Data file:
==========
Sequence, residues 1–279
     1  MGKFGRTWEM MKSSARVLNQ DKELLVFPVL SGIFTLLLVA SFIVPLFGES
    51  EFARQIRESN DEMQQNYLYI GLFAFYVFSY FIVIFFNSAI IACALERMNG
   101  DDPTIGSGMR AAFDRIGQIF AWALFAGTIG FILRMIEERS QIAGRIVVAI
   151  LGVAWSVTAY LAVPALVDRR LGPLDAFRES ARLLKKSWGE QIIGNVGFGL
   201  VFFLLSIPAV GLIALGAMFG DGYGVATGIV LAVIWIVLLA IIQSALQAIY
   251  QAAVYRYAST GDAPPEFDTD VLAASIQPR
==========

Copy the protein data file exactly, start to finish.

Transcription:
Sequence, residues 1–279
     1  MGKFGRTWEM MKSSARVLNQ DKELLVFPVL SGIFTLLLVA SFIVPLFGES
    51  EFARQIRESN DEMQQNYLYI GLFAFYVFSY FIVIFFNSAI IACALERMNG
   101  DDPTIGSGMR AAFDRIGQIF AWALFAGTIG FILRMIEERS QIAGRIVVAI
   151  LGVAWSVTAY LAVPALVDRR LGPLDAFRES ARLLKKSWGE QIIGNVGFGL
   201  VFFLLSIPAV GLIALGAMFG DGYGVATGIV LAVIWIVLLA IIQSALQAIY
   251  QAAVYRYAST GDAPPEFDTD VLAASIQPR